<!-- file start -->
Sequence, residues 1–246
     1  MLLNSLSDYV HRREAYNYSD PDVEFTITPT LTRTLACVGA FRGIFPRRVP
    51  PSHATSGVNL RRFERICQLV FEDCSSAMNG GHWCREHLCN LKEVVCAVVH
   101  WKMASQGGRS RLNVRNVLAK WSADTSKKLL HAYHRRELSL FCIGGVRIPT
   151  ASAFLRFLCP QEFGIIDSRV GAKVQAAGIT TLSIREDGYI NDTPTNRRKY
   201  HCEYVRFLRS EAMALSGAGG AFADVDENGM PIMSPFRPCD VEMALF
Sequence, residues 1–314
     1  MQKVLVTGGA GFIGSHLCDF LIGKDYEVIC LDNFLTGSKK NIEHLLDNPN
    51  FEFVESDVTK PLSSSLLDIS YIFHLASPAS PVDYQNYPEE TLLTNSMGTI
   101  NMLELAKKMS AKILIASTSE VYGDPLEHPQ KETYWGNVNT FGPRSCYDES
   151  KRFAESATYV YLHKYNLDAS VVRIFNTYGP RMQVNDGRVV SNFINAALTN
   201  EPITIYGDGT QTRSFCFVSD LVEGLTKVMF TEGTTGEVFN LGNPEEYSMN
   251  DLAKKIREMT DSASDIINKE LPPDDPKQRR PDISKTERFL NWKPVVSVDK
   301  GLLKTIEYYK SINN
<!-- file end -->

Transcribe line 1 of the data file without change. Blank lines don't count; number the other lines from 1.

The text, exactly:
Sequence, residues 1–246